Hospital chief says humility key to better health care
Eric Nelson | Oct 27, 2015, 11:27 a.m.
“None of us in science and medicine have the answers we tell you we have,” said Betsy Nabel, president of Brigham and Women’s Hospital and a professor at Harvard Medical School at last year’s TEDMED conference, “because the universe of what we don’t know dwarfs that of what we do know.”
Come again? Aren’t doctors supposed to know everything – well, almost everything – when it comes to caring for our health? As it turns out, it’s just this misconception that Nabel aimed to blow out of the water with her remarks to the group gathered in Washington, D.C. – not so much for patients but for the doctors treating them.
“We’ve talked ourselves into thinking we know how the body works, how drugs treat disease, how a lot of things supposedly do a lot of other things,” she said. “We’ve made stunning progress as a society gaining knowledge, but the simple truth is that what we actually have is not knowledge at all. What has disguised itself as knowledge is actually information that is going to morph or frame-shift into something else next week, next year, maybe 10 or 50 years.”
This was no rallying cry for physicians to throw in the towel since, at least from our present perspective, nothing is set in stone. It was instead a kind of call to arms for those in the audience to have, in Nabel’s words, the intellectual humility to step aside from what appears to be fact and ask, “What if it’s not?”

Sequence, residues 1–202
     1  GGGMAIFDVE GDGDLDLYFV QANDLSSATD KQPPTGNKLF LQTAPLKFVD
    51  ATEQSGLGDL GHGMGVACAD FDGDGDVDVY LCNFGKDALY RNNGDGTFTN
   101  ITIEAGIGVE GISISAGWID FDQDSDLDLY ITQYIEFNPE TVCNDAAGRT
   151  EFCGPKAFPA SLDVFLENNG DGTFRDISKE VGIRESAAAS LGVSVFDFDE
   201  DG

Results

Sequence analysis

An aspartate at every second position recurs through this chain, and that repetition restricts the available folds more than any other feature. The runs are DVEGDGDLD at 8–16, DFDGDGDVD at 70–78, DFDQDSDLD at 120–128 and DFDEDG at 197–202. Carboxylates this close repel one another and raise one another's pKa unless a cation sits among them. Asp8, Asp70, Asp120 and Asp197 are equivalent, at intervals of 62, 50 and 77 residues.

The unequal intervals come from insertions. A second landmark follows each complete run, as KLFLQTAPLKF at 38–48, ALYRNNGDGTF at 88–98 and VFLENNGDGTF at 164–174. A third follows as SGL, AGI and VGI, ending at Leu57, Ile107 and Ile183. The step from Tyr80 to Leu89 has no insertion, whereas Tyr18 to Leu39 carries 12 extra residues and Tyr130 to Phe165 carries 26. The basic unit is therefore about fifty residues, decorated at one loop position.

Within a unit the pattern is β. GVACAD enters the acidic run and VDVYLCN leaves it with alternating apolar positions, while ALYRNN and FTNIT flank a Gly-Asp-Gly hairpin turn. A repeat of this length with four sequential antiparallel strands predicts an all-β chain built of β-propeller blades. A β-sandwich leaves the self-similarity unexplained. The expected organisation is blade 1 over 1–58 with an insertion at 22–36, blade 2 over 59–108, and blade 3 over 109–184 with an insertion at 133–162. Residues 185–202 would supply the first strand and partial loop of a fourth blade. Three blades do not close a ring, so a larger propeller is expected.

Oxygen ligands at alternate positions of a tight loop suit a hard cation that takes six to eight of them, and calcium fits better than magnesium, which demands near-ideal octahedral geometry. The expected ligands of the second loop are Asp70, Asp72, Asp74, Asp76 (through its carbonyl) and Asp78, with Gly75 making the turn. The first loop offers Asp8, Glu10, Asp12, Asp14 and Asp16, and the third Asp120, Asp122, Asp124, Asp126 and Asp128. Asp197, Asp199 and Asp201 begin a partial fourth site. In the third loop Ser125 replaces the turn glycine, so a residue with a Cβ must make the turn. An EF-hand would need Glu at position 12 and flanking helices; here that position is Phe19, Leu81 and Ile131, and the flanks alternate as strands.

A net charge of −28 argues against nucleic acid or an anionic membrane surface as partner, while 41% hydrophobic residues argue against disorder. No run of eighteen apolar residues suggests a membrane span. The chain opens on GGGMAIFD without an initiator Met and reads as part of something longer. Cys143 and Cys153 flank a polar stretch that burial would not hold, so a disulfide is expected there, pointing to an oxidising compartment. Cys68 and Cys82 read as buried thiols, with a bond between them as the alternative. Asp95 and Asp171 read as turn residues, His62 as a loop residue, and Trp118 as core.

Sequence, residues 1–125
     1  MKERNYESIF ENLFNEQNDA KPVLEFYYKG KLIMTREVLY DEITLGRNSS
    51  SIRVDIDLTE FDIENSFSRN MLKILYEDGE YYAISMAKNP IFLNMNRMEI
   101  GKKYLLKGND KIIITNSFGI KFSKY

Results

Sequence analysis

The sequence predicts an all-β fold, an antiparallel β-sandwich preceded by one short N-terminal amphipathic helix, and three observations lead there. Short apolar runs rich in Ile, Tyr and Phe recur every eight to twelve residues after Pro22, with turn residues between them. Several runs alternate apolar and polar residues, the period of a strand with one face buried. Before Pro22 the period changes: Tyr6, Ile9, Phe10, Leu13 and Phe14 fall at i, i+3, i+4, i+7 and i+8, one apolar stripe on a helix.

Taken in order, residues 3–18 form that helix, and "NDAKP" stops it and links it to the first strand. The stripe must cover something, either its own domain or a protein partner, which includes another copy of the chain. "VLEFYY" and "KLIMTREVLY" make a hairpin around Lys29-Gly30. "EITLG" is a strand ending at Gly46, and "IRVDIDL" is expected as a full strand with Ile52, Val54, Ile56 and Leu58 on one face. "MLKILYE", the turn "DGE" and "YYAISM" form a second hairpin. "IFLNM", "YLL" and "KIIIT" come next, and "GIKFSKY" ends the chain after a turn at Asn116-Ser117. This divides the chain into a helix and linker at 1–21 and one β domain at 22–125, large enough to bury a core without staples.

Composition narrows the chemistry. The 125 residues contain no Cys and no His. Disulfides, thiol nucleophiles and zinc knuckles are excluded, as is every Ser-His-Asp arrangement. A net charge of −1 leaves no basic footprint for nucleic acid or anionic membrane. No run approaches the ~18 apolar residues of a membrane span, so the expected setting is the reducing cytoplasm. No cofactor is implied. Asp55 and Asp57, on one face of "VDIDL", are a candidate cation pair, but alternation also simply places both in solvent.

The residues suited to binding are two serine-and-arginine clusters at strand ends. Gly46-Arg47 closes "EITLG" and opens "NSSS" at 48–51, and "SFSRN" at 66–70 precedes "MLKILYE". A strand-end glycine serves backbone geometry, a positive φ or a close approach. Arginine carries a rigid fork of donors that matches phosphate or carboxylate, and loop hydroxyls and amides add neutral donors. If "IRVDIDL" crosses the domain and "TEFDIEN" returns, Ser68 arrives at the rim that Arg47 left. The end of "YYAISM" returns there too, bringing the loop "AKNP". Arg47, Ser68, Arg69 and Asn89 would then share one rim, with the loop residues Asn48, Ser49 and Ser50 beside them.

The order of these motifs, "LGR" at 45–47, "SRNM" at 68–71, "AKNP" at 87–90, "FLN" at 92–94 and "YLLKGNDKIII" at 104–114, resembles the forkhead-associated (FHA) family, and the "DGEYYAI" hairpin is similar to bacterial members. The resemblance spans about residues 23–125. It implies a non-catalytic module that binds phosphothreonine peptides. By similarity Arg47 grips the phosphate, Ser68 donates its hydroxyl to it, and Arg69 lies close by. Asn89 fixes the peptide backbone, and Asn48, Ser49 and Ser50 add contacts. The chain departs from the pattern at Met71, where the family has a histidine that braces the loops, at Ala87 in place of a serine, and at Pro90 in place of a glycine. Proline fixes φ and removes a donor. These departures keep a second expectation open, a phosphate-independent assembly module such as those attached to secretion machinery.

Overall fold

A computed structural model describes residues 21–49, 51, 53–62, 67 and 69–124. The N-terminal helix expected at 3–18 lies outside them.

“Humility is the secret ingredient that unveils truth and brings about change,” she said.
The funny thing about humility is the tendency to think that the better we are at something, the less we need it, failing to realize that it’s just this quality of thought that is largely responsible for our being so successful in the first place. This doesn’t apply only to the medical realm but to practically every aspect of life.
One individual who was exceptionally good at keeping this tendency in check was Mary Baker Eddy, a pioneer in the field of health care who once wrote, “Humility is lens and prism to the understanding of Mind-healing.” What she was getting at wasn’t the kind of “mind over matter” method that is so much in vogue these days, but something more akin to what we read about in the Bible – an approach that puts the divine Mind or God front and center of the healing process instead of a human mind or brain which, in this context, would actually be just the opposite of humility.
Even though Nabel wasn’t suggesting that doctors drop their scalpels and stethoscopes and pick up a Bible, there is ample evidence to suggest that the more spiritually oriented thought, embraced and nurtured by both patient and doctor, can have a significant and measurable impact on our health, improving everything from stress level to immune function to longevity. “We humans are but the teeniest of cause in the vast universe of forces, thoughts, objects and things,” said Nabel. “Despite all of our knowledge, we humans are desperately in the dark about how most things work.”
There is reason to believe, however, that whatever darkness is preventing us from having an even better understanding of the modes and mechanisms of our health won’t last forever. The light and healing power of compassion, intuition, determination – even divine inspiration – is always shining.
All it takes is a little humility to see it.
Eric Nelson’s columns on the link between consciousness and health appear regularly in a number of local and national online publications. He also serves as the media and legislative spokesperson for Christian Science in Northern California. Follow him on Twitter @norcalcs.